Status: Board Approved
Sponsoring Committee: Pediatric Transplantation Committee
Strategic Goal 4: Promote living donor and transplant recipient safety
Effective date: Pending programming and notification of members
Updated policy notice (7/2018)
Amend requirements for primary liver transplant physician
Original policy notice (1/2016)
The National Organ Transplant Act (NOTA) requires that the OPTN “recognize the differences in health and in organ transplantation issues between children and adults throughout the system and adopt criteria, policies, and procedures that address the unique health care needs of children.” Although pediatric transplantation is an accepted subspecialty within the field of transplantation, the current OPTN Bylaws do not include any requirements in order for programs to be approved to perform pediatric transplants.
As early as 1993, the Membership and Professional Standards Committee (MPSC) has sought guidance from the Pediatric Transplantation Committee in establishing pediatric requirements so it could better assess key personnel applications. The Committee proposes that a designated transplant program must have an approved pediatric component in order to perform transplants in patients less than 18 years old. To be approved for a pediatric component, a program must identify a qualified primary pediatric surgeon and a qualified primary pediatric physician to serve as key personnel. By establishing pediatric membership requirements, this proposal contributes to the OPTN Strategic Goals of improving transplant outcomes and promoting patient safety, while protecting access to transplantation.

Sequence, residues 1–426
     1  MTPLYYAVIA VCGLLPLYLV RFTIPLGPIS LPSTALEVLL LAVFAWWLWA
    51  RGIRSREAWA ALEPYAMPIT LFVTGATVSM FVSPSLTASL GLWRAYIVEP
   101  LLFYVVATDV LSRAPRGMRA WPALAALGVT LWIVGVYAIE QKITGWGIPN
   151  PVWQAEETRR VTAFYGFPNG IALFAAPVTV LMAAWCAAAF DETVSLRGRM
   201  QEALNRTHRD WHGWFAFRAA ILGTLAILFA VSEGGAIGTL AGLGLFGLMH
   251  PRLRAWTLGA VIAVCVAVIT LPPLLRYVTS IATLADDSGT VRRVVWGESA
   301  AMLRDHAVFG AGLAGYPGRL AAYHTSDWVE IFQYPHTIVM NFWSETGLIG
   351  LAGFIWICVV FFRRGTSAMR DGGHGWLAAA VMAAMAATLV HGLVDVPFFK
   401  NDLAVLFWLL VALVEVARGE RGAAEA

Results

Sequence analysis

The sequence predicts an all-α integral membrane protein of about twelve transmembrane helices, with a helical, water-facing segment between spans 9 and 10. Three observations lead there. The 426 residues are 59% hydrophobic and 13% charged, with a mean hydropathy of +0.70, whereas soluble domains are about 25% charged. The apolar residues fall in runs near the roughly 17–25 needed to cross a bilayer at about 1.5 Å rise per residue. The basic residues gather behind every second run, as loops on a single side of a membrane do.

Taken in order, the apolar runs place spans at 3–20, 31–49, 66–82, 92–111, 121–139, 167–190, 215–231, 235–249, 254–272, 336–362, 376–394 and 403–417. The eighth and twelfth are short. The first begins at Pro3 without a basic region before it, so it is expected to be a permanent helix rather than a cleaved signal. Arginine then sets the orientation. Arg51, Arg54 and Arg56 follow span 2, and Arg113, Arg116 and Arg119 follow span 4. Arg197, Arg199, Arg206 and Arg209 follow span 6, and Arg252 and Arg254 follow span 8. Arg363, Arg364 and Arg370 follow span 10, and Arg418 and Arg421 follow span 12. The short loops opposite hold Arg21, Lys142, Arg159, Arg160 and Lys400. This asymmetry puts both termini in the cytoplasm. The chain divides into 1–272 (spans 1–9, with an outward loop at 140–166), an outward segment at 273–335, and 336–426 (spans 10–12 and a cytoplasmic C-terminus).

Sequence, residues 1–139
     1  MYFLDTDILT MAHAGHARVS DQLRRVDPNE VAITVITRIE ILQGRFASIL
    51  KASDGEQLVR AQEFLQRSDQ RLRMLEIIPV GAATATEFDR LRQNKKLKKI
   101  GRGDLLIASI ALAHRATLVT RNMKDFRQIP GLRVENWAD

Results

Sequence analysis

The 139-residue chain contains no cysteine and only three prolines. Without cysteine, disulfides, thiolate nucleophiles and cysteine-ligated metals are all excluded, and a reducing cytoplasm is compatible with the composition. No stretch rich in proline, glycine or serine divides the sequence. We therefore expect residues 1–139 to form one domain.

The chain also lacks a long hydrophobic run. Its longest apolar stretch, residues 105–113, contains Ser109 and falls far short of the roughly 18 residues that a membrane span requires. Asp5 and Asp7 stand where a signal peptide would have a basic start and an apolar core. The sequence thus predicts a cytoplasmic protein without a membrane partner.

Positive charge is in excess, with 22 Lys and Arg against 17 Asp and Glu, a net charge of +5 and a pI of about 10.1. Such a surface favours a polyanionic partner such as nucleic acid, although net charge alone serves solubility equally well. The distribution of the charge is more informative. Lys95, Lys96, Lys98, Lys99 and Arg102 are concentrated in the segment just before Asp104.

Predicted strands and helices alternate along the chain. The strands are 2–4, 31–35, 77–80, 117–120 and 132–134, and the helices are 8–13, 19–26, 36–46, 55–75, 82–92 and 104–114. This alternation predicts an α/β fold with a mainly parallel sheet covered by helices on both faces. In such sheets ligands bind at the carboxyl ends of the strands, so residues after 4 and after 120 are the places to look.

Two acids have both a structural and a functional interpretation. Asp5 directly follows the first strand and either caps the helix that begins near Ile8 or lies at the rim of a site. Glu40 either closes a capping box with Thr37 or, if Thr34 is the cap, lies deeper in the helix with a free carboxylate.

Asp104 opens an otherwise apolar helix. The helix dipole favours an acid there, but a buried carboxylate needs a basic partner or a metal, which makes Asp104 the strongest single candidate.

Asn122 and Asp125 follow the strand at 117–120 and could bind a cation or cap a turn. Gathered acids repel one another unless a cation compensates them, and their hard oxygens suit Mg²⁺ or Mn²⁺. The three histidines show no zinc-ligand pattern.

This proposal was available for public comment in August 2015.
It was approved by the board in December 2015.
An earlier version of this proposal was available for public comment in January 2015.
Summary of Changes
The Bylaws will require that a designated transplant program have an approved pediatric component in order to perform kidney, liver, and heart transplants in patients less than 18 years old. To be approved for a pediatric component, a program must identify a qualified primary pediatric surgeon and a qualified primary pediatric physician who will serve as key personnel.
What Members Need to Do
UNOS will distribute a pediatric component application to any member transplant program that has had at least one pediatric patient on its waiting list in the last five years. If you do not automatically receive an application based on this criteria, contact the UNOS Membership Analyst for your region to request one. If you receive an application but don’t intend to apply, please document your intention and submit it to UNOS.
Your program must complete and submit your application to UNOS within 90 days in order to guarantee that we process them before the Bylaws are implemented. UNOS and the MPSC will process each application over the next 18 months. We will notify you of the status of your application before the Bylaws are implemented.
Once the Bylaws are implemented, if your program has pediatric patients on the waiting list and you don’t have approval for a pediatric component, you must follow the transition plan described in Appendix K.5: Transition Plan during Long-term Inactivity, Termination, or Withdrawal.
If your liver or heart transplant program does not have a pediatric component, you may register a patient less than 18 years old on the waiting list if you believe the transplant would prevent a serious or imminent threat to your patient’s health or safety and if the patient qualifies as pediatric liver or heart Status 1A. Your program must submit a pediatric membership exception request to UNOS within 72 hours of the candidate’s registration. The MPSC will retrospectively consult with the Pediatric Transplantation Committee to determine whether an emergency was present and that it was medically inadvisable or commercially impractical to transport the patient to a program with a pediatric component. If the MPSC denies an emergency exception request, that candidate’s registration will be in violation of OPTN obligations and result in punitive action. Approval of an exception is limited to the individual case and does not mean that your program has been approved for a pediatric component.